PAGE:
What I'd like to first note about this, as no doubt you already have, is that this is by no means meant to be a transcript of my conversation with Colorado Rapids President and CEO, Tim Hinchey. This was, as I said to Tim, just meant to be a conversation around some questions I had about the team. And I took note of some of the things he said in response to my questions.
A little background as to why I wanted to talk to Mr. Hinchey now, as opposed to earlier in the season: to be frank, as a Rapids fan during this time, it was hard for me to focus on what "the plan" was. Feeling rather negative, and at worst, despondent, I wanted to hear something from the leadership of the Rapids as to some very basic questions.
My first question to Tim, who was very gracious with his time, was about the "brand" of the Rapids. I wanted to know what he thought the brand of the Rapids was, and I'll explain what I meant as I give you what I recollect of his answer.
He first wanted to make the distinction of "brand" from "marketing": the Colorado Rapids brand is what the club "is" as opposed to how it's being promoted and disseminated, which is marketing. So my question to him was about what the Colorado Rapids are to him.
His response had to do with almost two separate "phases" of the brand. The first was summed up in the "#OneClub" slogan. The slogan was meant to represent the club at a time of consolidation. As we know, the Rapids went through a total clearing of house following the end of the Plush Front Office and the Gary Smith era of coaching. The new slogan is "Colorado For Life" as the Rapids attempt to embrace "Colorado". They want to be "Colorado's team" as opposed to "Denver's team" or "Colorado Springs' Team" alone.
Which sounds great and everything, and to be honest, it looks great too. I don't have any complaints about how the club has embraced the state in things like their alternate kit colors. I was also glad to hear that the sales of Rapids related merchandise is up as well. That's all great.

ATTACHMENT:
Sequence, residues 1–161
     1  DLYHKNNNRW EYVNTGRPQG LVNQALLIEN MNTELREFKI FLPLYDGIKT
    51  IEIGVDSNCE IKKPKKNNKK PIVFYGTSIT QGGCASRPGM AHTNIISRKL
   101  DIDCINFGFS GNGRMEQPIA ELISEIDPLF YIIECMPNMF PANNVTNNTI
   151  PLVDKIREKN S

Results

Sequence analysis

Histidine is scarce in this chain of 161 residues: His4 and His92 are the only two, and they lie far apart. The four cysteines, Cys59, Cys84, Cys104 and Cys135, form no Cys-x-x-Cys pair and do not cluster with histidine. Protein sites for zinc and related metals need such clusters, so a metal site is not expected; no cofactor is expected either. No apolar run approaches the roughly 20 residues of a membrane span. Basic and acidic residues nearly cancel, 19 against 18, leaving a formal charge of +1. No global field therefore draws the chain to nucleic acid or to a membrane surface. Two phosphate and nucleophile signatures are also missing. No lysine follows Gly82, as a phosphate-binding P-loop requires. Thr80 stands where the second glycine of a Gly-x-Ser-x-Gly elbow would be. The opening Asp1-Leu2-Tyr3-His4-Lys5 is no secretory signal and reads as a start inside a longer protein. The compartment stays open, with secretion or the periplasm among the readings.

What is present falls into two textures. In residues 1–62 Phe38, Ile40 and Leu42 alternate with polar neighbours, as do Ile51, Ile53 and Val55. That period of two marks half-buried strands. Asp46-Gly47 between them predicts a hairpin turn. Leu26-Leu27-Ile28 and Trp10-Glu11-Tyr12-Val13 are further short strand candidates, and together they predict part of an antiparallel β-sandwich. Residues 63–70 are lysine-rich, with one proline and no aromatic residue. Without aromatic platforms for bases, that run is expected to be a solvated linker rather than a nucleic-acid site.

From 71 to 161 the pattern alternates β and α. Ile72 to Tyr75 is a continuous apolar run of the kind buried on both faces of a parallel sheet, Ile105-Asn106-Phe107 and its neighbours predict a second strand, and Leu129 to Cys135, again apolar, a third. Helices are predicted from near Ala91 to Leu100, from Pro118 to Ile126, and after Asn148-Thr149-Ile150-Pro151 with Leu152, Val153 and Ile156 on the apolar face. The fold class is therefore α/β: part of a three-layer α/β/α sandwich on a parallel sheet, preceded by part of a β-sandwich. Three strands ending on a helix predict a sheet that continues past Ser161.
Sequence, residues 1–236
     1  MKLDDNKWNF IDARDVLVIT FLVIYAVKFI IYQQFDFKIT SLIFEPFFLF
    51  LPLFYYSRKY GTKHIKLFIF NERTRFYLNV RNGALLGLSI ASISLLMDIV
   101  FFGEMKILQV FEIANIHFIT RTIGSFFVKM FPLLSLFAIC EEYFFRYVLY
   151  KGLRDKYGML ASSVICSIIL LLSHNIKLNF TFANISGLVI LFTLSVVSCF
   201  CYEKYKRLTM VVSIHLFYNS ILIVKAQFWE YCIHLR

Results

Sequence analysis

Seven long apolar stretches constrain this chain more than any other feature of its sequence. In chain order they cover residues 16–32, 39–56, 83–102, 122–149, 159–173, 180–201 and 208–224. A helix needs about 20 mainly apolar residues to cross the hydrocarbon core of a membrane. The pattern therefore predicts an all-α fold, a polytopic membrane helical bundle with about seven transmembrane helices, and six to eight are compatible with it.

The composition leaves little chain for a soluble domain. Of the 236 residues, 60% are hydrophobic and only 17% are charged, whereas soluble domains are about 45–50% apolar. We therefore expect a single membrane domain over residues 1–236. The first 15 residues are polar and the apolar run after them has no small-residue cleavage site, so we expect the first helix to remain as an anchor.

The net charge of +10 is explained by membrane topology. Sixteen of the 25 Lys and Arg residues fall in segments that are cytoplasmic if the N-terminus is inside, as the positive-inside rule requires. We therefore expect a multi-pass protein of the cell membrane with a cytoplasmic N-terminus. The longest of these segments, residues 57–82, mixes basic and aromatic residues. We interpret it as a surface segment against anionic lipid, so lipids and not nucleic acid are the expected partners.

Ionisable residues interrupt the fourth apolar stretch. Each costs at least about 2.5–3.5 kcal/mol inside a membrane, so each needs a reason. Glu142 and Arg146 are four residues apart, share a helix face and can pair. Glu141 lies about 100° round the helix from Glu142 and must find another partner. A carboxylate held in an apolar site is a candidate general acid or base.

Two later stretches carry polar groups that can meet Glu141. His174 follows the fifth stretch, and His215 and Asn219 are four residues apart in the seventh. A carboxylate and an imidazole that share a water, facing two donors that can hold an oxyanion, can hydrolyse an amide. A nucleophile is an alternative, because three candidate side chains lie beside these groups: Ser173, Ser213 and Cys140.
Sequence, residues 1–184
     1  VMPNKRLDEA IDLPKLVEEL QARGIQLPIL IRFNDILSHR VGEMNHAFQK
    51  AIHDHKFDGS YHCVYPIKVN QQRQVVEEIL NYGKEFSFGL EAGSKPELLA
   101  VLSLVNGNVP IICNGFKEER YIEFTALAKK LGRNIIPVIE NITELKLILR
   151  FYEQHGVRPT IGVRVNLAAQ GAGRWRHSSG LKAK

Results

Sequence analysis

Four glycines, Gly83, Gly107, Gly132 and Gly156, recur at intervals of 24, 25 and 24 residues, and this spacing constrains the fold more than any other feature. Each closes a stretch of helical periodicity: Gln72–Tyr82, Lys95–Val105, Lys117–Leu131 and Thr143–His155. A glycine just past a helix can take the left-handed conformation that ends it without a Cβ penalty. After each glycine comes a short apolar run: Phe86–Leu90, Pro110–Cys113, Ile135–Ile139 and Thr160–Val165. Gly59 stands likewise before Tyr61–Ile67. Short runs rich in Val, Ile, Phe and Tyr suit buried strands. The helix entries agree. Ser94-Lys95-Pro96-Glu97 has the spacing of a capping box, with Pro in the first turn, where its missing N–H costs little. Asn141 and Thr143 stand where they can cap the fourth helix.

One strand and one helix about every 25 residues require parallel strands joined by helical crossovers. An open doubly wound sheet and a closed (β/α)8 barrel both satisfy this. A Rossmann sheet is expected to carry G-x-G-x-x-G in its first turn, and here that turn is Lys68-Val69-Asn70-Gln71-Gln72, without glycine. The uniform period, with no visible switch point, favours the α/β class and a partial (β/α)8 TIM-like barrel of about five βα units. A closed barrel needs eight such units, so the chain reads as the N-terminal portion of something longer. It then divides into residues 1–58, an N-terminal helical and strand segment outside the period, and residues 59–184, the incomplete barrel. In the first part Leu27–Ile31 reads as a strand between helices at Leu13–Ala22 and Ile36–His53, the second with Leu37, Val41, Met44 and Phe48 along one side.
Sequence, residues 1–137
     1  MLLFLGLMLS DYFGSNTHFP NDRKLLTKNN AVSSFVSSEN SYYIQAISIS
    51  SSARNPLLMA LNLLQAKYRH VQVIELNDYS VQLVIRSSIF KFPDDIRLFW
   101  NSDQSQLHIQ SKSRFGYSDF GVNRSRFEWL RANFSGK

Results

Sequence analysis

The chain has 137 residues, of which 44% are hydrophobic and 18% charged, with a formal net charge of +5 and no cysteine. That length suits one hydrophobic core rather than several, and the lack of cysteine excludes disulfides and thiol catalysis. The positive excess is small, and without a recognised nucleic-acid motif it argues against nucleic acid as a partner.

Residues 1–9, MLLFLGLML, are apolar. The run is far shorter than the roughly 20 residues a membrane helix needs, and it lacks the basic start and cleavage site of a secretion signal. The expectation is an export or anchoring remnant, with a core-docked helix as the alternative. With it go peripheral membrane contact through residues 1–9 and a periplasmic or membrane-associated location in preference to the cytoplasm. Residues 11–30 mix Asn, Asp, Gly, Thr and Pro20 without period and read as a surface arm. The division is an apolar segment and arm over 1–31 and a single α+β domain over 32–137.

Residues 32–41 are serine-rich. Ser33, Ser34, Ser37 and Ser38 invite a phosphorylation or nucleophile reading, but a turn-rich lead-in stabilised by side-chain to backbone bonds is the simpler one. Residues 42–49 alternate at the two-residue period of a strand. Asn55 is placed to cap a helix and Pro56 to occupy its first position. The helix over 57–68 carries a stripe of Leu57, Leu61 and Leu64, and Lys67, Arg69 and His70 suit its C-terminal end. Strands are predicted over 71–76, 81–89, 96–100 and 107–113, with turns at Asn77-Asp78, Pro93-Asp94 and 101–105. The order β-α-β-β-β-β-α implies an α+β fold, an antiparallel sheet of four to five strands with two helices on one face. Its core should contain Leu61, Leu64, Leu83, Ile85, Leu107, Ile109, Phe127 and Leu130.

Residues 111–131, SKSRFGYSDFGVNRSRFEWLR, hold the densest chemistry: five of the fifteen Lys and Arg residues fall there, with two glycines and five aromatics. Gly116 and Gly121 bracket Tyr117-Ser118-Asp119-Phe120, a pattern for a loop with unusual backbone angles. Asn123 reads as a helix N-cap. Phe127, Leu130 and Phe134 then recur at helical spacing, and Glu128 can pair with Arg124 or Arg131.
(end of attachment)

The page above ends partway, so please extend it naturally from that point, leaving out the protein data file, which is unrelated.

But what I wanted to know about, specifically, was the on-field product.
This whole conversation was sparked by a RT Tim Hinchey made with this article on MLSsoccer.com about Real Salt Lake and Sporting Kansas City.
But what about Colorado? Are we there yet? Are we looking at "The Colorado Way"?
Hinchey said no.
We haven't quite gotten to the point where we've developed a "Colorado Way" like the way Sporting have "the Sporting Way" and Salt Lake have "the Real Way?" (I don't know, I made that up). As the article highlights, those two clubs, in spite of not doing things the way the Galaxy or the Red Bulls do things, still found success because they do things consistently their own way. They have their own style, their own distinctive "way".
And Colorado does not. That's a fact. There is not, on the field, a definable "Colorado Way". And while I think we made progress during the time of Pareja -- we started to see something of a "Colorado Way" -- that progress ended with his departure. Now, we've had to start again with, Hinchey admitted, a first year coach.
At this point, I want you to understand what exactly that means. "First Year Coach" means not "First Year as a Head Coach", which would have been Pareja, but "First Year" as in, this is the first coaching experience he has ever had. Hinchey had no illusions about this. Oscar Pareja already had nearly 10 years with coaching experience at the assistant and youth coach level with FC Dallas.
Hinchey was acutely aware of this key distinction.
What Hinchey emphasized was not Pablo's inexperience, to which many of us (including Hinchey) partially attributed the results to (he used the term "inconsistency", which I think we can all agree is pretty much how we'd describe it as well) but he emphasized instead Pablo's loyalty to the Colorado Rapids.
And yet I detected a little inconsistency myself when I pushed on the "Well, in an ideal world, what is the Colorado brand of soccer?" question. What does the President think that a Colorado team plays like?
1. Takes advantage of the altitude
3. Possession oriented
Those are the five points that Hinchey mentioned as being what he thought of what a "Colorado Way" would be.
Do you think we're hitting all those points?
Any of them?
Right now, I would have to say no. And that's where we get into what you might call "spin" or "excuse making" but that's not what I was interested in. We could say it's because of personnel: a rookie coach, maybe not all the right players. But that's not what I wanted to know and I'm pretty sure it's not what you want to hear either. So what I wanted to focus on, after talking about brand, was who on the team, did Tim Hinchey think, epitomizes the Colorado brand that he wants to be a part of building.